Scientists have performed the first DNA-based reconstruction of the giant extinct moa bird, using prehistoric feathers—2,500 years old—recovered from caves and rock shelters in New Zealand. Researchers from the University of Adelaide and Landcare Research in New Zealand have identified four different moa species after retrieving ancient DNA from moa feathers. The giant birds—measuring up to 2.5 metres and weighing 250 kg—were the dominant animals in New Zealand’s pre-human environment but were exterminated after the arrival of the Maori around 1280 AD.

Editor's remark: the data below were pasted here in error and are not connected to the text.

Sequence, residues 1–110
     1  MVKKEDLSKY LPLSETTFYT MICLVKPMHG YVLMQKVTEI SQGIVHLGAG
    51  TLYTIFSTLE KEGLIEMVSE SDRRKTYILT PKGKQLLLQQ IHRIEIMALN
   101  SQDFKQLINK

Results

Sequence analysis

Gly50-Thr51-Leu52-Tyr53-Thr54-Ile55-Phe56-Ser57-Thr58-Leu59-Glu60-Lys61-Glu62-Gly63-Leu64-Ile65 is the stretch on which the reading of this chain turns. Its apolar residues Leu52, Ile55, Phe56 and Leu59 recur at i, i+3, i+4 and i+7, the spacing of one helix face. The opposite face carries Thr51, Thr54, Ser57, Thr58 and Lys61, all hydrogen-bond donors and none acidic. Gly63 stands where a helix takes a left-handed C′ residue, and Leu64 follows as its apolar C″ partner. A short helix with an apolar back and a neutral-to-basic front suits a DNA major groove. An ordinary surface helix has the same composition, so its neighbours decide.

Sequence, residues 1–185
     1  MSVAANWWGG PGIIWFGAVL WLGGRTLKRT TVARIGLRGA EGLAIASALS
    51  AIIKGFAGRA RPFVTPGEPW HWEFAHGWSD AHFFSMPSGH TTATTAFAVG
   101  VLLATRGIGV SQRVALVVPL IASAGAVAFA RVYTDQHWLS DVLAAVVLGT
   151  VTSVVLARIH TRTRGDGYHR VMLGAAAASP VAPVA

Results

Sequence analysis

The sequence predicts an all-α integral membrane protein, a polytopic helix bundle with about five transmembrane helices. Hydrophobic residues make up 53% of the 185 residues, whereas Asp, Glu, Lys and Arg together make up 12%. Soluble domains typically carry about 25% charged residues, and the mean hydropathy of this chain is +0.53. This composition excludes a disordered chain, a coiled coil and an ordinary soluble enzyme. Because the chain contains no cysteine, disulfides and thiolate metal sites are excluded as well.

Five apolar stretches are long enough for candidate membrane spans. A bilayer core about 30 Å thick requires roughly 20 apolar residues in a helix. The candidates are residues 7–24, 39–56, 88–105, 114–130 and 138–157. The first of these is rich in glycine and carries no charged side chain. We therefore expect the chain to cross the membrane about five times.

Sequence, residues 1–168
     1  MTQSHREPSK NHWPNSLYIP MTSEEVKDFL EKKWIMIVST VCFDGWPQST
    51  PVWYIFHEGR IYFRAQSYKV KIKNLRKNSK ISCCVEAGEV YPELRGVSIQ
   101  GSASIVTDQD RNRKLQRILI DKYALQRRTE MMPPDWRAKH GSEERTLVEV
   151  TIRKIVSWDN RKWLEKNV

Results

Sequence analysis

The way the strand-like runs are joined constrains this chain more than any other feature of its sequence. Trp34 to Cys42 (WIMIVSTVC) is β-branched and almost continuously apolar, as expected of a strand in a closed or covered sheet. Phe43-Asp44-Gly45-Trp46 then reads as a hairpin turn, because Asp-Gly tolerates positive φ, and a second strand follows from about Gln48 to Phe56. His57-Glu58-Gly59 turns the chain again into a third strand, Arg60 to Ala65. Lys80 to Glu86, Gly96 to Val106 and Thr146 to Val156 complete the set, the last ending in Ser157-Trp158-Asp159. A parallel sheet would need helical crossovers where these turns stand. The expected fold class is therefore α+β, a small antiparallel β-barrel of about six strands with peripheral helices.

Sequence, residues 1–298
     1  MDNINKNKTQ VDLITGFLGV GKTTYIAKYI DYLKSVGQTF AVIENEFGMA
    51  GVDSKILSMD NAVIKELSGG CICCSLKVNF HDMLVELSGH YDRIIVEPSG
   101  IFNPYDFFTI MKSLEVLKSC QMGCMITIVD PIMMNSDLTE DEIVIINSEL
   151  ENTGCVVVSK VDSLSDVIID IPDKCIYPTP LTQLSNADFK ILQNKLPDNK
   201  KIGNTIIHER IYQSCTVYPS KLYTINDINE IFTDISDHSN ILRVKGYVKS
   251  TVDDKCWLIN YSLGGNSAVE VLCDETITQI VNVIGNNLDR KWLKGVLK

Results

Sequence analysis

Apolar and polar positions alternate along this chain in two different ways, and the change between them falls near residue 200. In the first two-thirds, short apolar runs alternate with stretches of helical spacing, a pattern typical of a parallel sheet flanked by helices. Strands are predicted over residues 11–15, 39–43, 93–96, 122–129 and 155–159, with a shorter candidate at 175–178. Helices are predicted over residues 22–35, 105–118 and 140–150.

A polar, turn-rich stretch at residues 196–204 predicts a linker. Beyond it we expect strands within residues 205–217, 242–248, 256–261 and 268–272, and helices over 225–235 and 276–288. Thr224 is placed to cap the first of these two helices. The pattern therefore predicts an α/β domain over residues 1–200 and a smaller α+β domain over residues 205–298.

PhD student Nicolas Rawlence from the University’s Australian Centre for Ancient DNA says until now, it was not known what the 10 different species of moa looked like. The team also demonstrated that DNA can be retrieved from all parts of the ancient feathers, not just the tip of the quill, as previously thought. This finding suggests it may be possible to reconstruct the appearance of other extinct birds using feathers from fossil deposits.